Senate Republicans eager to ram Ukraine funding through the upper chamber are just as eager to dismiss their voters as dimwitted and “shortsighted.”
“Our base cannot possibly know what’s at stake at the level that any well-briefed U.S. senator should know about what’s at stake if Putin wins,” said North Carolina Sen. Thom Tillis, according to Punchbowl News Monday.
Senate lawmakers spent the weekend advancing another $61 billion to Kyiv following last week’s embarrassing rejection of a bipartisan compromise bill that threatened to codify the invasion on the southern border. The more than $95 billion foreign spending package headed for passage in the upper chamber sends money to Ukraine, Taiwan, and Israel. If cleared, House Speaker Mike Johnson faces an uphill battle to split the bill with a narrow majority.
According to the Committee for a Responsible Federal Budget, Congress approved $113 billion for the proxy war against Russia in 2022. A November NBC News survey found just 35 percent of Republican voters support additional funds for Ukraine. Another poll from Gallup out the same month shows a plurality of Americans believe the U.S. is doing too much to prop up Kyiv, with skepticism surrounding new aid highest among Republicans. Providing an endless flow of taxpayer dollars to the war-torn eastern European nation, however, has remained a top priority for Senate Republican leadership.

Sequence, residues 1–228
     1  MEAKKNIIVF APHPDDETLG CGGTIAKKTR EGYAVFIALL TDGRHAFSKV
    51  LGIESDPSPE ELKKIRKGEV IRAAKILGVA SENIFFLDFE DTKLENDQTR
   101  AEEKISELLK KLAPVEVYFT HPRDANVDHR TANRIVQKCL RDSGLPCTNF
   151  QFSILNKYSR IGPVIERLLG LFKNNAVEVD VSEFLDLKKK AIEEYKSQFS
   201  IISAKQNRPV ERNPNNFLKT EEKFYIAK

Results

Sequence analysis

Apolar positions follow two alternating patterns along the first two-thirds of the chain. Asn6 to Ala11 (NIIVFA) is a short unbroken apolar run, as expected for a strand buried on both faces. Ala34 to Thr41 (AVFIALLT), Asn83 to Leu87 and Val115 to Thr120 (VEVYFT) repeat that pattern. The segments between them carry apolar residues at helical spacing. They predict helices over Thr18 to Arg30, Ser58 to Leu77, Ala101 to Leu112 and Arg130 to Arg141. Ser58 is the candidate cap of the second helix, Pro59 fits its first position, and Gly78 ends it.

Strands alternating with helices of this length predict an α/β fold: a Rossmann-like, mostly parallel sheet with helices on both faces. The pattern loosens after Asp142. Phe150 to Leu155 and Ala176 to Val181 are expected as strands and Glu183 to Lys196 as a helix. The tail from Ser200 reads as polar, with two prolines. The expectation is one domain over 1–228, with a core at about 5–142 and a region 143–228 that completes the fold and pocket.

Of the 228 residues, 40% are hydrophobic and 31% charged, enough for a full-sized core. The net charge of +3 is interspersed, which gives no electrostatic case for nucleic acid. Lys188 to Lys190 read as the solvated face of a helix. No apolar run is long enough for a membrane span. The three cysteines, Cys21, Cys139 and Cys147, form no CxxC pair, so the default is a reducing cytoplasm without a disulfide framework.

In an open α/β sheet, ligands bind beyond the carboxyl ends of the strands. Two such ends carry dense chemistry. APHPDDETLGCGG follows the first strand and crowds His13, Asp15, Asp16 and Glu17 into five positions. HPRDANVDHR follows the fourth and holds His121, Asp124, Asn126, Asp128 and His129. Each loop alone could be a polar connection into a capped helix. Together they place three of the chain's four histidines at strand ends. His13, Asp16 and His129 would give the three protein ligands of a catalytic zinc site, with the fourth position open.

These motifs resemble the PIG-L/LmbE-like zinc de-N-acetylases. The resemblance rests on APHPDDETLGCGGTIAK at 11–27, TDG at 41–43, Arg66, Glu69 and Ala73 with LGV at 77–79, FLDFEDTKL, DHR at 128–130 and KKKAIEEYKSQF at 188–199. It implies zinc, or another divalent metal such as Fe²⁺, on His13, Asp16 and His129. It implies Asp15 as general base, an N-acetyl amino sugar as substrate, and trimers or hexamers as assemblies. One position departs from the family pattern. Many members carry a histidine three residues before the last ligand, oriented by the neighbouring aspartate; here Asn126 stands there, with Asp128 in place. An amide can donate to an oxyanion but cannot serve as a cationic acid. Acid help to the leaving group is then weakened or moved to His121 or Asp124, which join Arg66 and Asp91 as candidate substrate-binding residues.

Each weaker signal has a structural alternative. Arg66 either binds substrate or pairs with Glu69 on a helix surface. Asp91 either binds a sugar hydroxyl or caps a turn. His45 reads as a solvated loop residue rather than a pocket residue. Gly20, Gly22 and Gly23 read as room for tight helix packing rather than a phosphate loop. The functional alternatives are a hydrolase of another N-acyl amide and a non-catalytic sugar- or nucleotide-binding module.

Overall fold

On Sunday, GOP Senate chief Mitch McConnell of Kentucky slammed opposition to additional Ukraine aid as those with “the dimmest and most shortsighted views of our obligations.”
“I know it’s become quite fashionable in some circles to disregard the global interests we have as a global power,” McConnell said, according to Punchbowl.
“To bemoan the responsibilities of global leadership” and “lament the commitment that has underpinned the longest drought of great power conflict in human history,” McConnell added, “is idle work for idle minds.”
“It has no place in the United States Senate,” McConnell said.
Utah Republican Sen. Mike Lee spent the weekend filibustering the latest aid package, which included a more than three-hour speech on Saturday.
“I think all of us would like to see Ukraine just win. We can’t wish it into existence. We can’t just dump enough money into it to make it happen,” Lee said. “On the contrary, economic aid by some measures, it is proving to be a colossal waste of money.”
3 total views, 1 views today